Blood, bone & fish fertilisers. How dirty is your plant's dirt?

For centuries, animal parts have been used in the gardening industry.

Many people would argue that animal fertilisers are by-products of the food industry, but up to 40% of a livestock animal's bodyweight is actually inedible.[1]

Much of this, including the carcass goes to industries like gardening so it actually supplements the overall profit of the animal. At a minimum, animal fertilisers are co-products of the food industry.

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Five popular animal products used as fertiliser

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Yes, indoor plant growers use animal fertilisers too!


When we told one of the biggest wholesale nursery suppliers in Australia that we were searching for cruelty-free, vegan grown plants without blood and bone, they said to us "good luck they all use it!"

Whilst it is commonly known that animal fertilisers are used in outdoor gardening in our backyards, it's actually commonly used by indoor plant growers too in their potting mix. Here are the statistics from our study.

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The production time for cow bone fertiliser can take TWO years


Deriving fertilisers from animals is an environmentally destructive process. Beef cattle are raised for an average of 18 months before slaughter (their natural life-span is 15-20 years).[2]

After slaughter, The University of Minnesota Extension states that composting a cow's carcass for fertiliser use takes another 6-9 months.[3]

Composting a cow's carcass for fertiliser is an extensive process which involves significant energy usage consisting of:

1. Preparing carcasses in a pile using bulking material over and under carcasses;
2. Heating the animal remains for up to 180 days at more than 54 degrees;
3. Heating the animal remains a second time for 60 days at more than 54 degrees; and
4. Curing and storing the animal fertiliser produced (to prepare for sale and distribution).

Whether in the production of blood, bone or livestock manure fertilisers, undercover investigations show time and again that cruelty is inherent in animal farming, even within farms certified as humane.[4]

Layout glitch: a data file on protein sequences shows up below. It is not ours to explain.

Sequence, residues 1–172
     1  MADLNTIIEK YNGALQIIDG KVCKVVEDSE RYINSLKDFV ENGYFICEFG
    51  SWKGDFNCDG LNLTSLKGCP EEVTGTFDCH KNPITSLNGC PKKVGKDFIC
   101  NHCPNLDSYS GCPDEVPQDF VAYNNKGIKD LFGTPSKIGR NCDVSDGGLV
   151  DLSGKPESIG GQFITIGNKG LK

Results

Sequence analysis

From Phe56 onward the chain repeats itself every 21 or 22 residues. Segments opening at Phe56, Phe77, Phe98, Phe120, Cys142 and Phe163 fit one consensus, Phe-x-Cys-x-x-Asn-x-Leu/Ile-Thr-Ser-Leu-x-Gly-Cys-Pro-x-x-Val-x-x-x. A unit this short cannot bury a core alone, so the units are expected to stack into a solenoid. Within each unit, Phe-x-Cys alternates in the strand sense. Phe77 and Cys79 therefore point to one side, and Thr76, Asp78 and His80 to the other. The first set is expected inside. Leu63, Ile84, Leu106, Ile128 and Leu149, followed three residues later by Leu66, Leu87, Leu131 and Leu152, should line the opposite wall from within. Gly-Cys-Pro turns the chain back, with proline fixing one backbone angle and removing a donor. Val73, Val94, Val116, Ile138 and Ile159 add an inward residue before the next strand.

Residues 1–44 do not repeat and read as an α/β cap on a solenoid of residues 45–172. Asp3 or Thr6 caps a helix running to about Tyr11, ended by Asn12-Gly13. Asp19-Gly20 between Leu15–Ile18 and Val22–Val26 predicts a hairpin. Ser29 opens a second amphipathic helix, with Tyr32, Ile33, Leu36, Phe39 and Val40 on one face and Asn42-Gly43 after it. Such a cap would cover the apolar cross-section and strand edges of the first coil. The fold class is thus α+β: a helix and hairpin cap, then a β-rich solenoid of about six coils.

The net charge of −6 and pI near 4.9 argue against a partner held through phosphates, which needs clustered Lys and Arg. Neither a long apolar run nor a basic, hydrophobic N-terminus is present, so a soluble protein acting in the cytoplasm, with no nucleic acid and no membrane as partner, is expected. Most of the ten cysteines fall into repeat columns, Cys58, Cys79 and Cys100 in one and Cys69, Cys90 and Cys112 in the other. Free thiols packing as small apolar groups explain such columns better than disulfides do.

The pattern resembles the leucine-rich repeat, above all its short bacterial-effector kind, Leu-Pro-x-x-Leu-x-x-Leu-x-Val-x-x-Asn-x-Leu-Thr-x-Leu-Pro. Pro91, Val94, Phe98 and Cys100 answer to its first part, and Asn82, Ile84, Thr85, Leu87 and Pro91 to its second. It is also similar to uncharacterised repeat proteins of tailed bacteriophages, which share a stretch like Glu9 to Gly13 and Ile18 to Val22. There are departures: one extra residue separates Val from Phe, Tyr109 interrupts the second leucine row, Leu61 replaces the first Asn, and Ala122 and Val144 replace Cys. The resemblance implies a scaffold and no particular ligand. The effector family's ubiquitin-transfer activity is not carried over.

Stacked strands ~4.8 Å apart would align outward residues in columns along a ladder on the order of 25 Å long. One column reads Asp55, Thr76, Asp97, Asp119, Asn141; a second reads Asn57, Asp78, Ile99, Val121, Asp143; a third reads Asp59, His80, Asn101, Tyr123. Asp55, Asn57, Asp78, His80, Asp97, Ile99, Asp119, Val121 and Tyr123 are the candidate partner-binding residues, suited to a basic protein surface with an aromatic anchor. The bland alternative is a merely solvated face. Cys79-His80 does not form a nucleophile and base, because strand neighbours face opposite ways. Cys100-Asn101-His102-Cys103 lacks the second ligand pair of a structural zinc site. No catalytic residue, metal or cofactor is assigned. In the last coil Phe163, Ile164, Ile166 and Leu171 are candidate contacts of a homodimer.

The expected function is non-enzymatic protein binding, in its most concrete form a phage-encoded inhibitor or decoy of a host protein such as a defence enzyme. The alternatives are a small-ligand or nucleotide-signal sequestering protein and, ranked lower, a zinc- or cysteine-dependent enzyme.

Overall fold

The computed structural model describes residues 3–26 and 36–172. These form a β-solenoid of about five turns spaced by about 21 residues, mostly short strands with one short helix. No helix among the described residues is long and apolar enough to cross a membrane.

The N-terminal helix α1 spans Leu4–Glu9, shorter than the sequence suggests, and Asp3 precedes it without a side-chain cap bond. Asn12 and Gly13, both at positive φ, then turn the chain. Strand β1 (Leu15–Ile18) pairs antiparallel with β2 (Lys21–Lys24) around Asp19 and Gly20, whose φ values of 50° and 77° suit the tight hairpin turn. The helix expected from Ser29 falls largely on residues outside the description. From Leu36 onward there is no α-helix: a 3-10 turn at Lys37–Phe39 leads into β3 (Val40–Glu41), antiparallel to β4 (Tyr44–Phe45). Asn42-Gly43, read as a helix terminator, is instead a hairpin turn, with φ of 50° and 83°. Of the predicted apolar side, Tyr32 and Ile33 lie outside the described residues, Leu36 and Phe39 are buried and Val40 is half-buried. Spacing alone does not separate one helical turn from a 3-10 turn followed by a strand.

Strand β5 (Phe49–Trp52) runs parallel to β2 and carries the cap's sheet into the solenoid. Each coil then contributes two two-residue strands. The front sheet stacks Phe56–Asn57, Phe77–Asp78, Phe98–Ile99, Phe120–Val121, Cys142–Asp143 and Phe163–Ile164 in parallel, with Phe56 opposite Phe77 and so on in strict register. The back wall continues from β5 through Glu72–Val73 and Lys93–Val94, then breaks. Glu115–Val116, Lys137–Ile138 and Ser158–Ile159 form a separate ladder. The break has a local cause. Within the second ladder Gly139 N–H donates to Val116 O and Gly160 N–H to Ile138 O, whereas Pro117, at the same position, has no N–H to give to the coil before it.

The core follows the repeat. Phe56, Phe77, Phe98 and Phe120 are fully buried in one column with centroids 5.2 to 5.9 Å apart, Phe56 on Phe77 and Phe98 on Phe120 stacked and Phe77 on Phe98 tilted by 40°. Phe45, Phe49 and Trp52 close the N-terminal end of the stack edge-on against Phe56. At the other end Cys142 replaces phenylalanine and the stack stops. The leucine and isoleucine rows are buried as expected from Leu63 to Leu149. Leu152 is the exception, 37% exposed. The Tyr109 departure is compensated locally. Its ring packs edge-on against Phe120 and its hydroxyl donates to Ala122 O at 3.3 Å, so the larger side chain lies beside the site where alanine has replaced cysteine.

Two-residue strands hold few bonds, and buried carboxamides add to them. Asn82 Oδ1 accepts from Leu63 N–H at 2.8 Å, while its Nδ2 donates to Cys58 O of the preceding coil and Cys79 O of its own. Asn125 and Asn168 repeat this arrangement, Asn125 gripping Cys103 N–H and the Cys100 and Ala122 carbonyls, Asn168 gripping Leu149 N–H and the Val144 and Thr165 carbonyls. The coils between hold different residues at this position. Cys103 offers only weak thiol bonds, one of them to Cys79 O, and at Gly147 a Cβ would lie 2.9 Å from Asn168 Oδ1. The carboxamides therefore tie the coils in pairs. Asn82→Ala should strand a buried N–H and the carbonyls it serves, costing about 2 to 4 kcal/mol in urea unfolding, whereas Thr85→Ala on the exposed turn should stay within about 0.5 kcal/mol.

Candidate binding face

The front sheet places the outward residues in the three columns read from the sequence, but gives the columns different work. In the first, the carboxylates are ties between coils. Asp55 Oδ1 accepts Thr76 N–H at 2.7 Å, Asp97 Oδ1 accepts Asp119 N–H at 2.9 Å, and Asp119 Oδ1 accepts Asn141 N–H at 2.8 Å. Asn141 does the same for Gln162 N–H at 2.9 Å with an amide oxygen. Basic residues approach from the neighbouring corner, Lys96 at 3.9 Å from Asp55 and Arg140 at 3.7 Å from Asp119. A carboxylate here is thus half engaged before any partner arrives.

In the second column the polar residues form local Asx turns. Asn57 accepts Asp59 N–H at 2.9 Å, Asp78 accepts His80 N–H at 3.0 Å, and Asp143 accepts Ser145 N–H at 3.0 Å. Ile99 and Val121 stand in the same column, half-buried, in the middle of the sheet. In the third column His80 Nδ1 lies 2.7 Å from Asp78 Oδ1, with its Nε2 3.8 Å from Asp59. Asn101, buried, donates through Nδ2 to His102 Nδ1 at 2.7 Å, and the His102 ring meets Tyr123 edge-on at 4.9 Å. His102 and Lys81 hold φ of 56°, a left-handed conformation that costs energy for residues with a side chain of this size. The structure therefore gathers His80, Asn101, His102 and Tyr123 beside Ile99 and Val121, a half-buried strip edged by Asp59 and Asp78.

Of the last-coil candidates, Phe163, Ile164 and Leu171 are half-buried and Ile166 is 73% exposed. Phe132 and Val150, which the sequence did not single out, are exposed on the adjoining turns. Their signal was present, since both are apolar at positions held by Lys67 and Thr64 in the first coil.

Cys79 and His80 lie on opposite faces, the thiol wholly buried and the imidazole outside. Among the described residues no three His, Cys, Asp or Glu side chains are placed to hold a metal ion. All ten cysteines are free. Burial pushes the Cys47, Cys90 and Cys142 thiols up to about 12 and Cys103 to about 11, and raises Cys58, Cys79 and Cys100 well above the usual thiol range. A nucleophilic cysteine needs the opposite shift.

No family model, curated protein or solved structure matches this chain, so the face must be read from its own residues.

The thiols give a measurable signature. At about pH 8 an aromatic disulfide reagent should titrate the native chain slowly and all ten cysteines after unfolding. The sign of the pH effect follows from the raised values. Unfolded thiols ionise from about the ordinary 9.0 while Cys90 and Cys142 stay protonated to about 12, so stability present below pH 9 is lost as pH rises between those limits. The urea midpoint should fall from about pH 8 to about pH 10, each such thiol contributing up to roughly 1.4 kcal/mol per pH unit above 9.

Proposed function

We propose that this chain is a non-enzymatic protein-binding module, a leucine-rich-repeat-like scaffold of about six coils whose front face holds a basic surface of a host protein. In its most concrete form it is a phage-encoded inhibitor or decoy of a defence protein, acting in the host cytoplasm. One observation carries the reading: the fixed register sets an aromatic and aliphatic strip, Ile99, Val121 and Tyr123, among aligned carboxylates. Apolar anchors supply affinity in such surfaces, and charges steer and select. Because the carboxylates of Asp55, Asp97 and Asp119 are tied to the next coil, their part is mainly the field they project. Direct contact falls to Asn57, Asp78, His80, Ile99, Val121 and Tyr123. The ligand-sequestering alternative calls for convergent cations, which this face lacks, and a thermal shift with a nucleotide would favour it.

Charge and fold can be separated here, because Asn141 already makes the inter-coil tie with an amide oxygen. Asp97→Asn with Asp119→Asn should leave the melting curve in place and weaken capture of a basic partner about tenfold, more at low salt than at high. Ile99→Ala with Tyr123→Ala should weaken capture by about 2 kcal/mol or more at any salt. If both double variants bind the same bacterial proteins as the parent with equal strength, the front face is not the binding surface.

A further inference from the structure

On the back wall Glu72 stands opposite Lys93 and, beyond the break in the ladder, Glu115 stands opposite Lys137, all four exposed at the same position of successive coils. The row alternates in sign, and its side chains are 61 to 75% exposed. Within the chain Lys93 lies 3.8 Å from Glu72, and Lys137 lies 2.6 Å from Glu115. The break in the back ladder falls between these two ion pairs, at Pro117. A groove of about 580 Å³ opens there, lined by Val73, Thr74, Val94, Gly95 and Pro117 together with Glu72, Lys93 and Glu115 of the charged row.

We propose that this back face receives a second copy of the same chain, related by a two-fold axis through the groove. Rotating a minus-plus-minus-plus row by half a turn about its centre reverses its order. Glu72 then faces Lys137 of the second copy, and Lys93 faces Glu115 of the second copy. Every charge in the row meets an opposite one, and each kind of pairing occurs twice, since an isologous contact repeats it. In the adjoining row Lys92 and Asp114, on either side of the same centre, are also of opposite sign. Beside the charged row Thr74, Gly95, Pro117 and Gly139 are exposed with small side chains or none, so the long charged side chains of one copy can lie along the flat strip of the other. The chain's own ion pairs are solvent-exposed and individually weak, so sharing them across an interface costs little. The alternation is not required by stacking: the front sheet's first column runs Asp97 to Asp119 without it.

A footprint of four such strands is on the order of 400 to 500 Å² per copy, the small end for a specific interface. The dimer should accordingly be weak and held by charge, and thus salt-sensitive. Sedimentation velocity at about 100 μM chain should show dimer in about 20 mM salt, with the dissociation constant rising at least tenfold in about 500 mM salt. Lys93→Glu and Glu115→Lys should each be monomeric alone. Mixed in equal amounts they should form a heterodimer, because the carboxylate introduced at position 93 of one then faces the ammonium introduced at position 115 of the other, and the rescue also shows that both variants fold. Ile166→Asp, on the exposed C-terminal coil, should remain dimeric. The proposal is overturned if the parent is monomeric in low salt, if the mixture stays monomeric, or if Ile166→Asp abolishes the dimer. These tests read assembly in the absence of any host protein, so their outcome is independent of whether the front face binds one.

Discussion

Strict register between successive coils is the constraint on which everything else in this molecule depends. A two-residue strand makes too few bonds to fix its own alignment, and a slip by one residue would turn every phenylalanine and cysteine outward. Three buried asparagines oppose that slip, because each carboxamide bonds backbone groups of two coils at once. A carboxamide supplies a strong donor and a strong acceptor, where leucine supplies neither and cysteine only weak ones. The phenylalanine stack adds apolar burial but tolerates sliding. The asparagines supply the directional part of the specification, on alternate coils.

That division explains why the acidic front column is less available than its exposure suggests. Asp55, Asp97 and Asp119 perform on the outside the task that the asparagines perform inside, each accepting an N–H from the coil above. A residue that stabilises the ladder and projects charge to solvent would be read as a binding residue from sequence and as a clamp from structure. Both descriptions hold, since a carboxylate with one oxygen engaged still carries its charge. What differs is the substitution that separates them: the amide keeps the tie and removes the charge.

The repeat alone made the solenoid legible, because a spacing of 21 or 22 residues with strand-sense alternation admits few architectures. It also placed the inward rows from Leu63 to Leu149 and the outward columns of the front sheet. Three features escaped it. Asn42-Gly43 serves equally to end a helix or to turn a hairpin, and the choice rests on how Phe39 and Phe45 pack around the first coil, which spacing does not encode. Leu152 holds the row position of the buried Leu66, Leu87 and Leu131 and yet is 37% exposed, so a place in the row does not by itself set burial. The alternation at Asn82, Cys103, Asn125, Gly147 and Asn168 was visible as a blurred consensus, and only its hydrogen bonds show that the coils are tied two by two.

[1] https://www.handsourced.com.au/behind-the-scenes/how-much-meat/
[2] https://www.farmtransparency.org/kb/abattoirs/48-age-animals-slaughtered
[3] https://extension.umn.edu/manure-management/composting-livestock-and-poultry-carcasses
[4] https://www.materialinnovation.org/our-why

How we based our research

Australian Wholesale Nurseries

The results are based on the wholesale plant nurseries that we found which showed up on Google Search and Google Maps in Australia. The wholesale nurseries were narrowed down to those which sold indoor plants and totalled 32. They were located across NSW, QLD, VIC, WA, and NT.

how we based our research

Definition of Animal

We consider animals are living organisms which have a nervous system and are able to sense pain. For example, fish or livestock would be animals. We do not consider seaweed or micro-organisms such as minute living things breaking down a peat bog to be animals.

Nurseries that refused to tell us whether animals are used in their soil include nurseries that do not know what is in their soil because they never enquired about their soil supply chain or refused to tell us.

how we based our research

Data Collection

This study was conducted on Australian Wholesale Nurseries between Oct 2020 and Jan 2021.

We phoned each Australian Wholesale Nursery and recorded an excel log of the responses given by each nursery.

Learn more about our gardening philosophy here.